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Plaque to the right of the door says:

House of



Aug. 20, 1994

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1430 Broad Street. Designed by William Decker in 1891. This is where Ellis shot himself. The house was purchased by Father Divine in 1952. It was not placed on the Philadelphia Register of Historic Places until 2018 (!?!). It was auctioned off in May 2023.

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Aerial view of the Charles E. Ellis College for Fatherless Girls in Newtown Square, Pennsylvania. The photo depicts stone cottages, which were built circa 1923 after designs by John T. Windrim, surrounded by farmland.

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State Historical Marker at 923 Spring Garden Street

Wealthy Childless Philanthropists with Neighborhood Connections

Our neighborhood, and Philadelphia in general, owes a debt of gratitude to those Philadelphia philanthropists who founded institutions of service via bequests in their estates. A common thread through the following large bequests is the childless status of the benefactor. In these history pages we have discussed a few so far:

Jonas Preston (1764-1836): in 1836 Preston left $250,000 (today’s value $6 million) to the State for the construction and maintenance of a lying-in hospital for indigent married women of good character. This was named the Preston Retreat (see our article here) and was demolished in 1963. The maternity hospital building opened in 1840, but was used as an orphanage for the first two decades due to funding issues.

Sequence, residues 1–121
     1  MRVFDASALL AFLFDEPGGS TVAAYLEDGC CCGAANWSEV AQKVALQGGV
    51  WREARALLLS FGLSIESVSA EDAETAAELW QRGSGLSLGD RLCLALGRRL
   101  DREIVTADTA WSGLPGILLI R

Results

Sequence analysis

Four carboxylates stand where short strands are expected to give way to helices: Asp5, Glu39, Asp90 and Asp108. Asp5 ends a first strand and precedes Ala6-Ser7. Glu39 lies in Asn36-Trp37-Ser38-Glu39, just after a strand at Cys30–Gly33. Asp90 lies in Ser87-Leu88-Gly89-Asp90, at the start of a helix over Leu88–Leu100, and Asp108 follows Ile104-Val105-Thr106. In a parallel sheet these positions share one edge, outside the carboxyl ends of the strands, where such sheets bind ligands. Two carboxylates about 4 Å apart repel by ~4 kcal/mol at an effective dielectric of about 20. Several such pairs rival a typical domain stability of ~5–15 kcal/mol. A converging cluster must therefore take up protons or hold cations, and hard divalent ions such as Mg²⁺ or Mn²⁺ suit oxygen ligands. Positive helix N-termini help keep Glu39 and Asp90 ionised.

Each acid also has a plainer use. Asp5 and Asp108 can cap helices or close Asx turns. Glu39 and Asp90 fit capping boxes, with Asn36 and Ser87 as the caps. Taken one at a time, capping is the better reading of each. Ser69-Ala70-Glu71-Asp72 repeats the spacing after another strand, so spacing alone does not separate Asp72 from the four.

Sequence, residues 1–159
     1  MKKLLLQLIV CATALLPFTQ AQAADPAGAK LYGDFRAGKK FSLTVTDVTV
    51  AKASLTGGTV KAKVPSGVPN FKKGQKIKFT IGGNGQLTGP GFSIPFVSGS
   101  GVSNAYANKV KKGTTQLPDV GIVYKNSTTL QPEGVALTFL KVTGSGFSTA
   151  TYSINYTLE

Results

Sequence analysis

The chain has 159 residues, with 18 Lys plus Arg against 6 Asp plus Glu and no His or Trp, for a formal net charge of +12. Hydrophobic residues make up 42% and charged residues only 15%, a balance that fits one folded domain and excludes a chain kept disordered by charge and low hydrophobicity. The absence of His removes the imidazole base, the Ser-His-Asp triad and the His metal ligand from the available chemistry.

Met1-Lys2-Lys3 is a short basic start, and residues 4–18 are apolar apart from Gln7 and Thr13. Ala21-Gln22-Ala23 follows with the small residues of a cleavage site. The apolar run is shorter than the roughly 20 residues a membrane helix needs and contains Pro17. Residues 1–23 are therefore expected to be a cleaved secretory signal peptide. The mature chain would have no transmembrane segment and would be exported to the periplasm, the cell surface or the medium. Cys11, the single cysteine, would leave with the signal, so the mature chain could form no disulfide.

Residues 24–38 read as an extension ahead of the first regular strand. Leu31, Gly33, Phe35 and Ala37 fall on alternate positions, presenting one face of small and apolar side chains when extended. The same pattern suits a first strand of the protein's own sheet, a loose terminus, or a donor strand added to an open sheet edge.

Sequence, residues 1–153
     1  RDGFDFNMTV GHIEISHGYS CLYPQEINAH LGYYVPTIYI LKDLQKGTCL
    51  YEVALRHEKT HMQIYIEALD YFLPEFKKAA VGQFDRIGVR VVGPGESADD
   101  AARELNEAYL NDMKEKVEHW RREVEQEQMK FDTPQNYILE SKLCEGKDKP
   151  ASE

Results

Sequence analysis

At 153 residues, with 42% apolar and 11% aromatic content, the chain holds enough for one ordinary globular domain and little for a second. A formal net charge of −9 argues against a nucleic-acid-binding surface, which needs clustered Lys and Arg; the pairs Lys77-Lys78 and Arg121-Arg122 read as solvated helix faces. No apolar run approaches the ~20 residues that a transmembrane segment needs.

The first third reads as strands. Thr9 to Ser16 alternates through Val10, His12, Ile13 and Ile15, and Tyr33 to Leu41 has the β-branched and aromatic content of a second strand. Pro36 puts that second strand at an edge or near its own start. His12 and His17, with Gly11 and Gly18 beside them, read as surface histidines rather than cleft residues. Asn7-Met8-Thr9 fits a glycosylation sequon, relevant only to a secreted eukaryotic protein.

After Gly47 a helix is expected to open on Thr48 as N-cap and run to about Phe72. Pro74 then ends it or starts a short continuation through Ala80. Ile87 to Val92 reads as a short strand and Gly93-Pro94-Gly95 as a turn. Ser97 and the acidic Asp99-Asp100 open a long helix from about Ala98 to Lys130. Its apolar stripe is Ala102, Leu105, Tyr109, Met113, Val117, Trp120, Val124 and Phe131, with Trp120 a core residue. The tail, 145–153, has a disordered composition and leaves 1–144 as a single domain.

Anna Magee (1843-1923) When she died in 1923, she left $1,285,000 (inflation-adjusted $22.8 million) to Jefferson Hospital to establish what is now the Magee Rehabilitation Hospital, to provide quality care to those in need of physical convalescence no matter their income. The center is at 15th and Race with a satellite office in the Fountain View until August of 2023. In 2022 the Watermark had been sold and renamed the Fountain View.

Thomas E. Cahill (1828-1878) was the president of the Knickerbocker Ice Company which had its largest distribution center where the Barnes is now located (see our article here). He left the bulk of $500,000 estate ($15 million today) to establish Roman Catholic High School, at Broad and Vine Streets, to provide free high school education to Philadelphia boys.

Albert Barnes (1872-1951) left behind his art collection, today valued as high as $25 billion, which after tortuous legal battles ended up in our neighborhood, replacing the Youth Study Center building as discussed here.

Then there are the two names carved in stone at 1601 Spring Garden Street: James Wills Jr. (1777-1825) and Bushrod Washington James (1836-1903). James Wills Jr., a Quaker merchant and bachelor, bequeathed the money to found a hospital for the blind and lame in 1832. BW James was a homeopathic physician on the 1700 block of Green Street. He never married. At his death in 1903 he left the City of Philadelphia houses and personal effects, as well as two endowments: $40,000 to establish a library; and $55,000 to fund an eye and ear institute. The library still runs in the Oxford Circle neighborhood as the Bushrod Branch of the Free Library of Philadelphia (for its history see here The eye and ear institute was incorporated into the Wills Eye Hospital, as discussed here.